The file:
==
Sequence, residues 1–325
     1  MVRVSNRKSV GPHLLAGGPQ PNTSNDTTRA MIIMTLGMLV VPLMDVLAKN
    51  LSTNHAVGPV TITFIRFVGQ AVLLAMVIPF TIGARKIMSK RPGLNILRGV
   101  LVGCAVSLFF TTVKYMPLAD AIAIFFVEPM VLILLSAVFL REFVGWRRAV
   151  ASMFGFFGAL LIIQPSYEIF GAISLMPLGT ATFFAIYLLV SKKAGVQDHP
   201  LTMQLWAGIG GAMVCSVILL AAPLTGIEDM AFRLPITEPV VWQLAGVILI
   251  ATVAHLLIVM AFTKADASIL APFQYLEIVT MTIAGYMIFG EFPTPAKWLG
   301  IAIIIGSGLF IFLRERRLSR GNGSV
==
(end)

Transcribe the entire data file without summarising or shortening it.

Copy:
Sequence, residues 1–325
     1  MVRVSNRKSV GPHLLAGGPQ PNTSNDTTRA MIIMTLGMLV VPLMDVLAKN
    51  LSTNHAVGPV TITFIRFVGQ AVLLAMVIPF TIGARKIMSK RPGLNILRGV
   101  LVGCAVSLFF TTVKYMPLAD AIAIFFVEPM VLILLSAVFL REFVGWRRAV
   151  ASMFGFFGAL LIIQPSYEIF GAISLMPLGT ATFFAIYLLV SKKAGVQDHP
   201  LTMQLWAGIG GAMVCSVILL AAPLTGIEDM AFRLPITEPV VWQLAGVILI
   251  ATVAHLLIVM AFTKADASIL APFQYLEIVT MTIAGYMIFG EFPTPAKWLG
   301  IAIIIGSGLF IFLRERRLSR GNGSV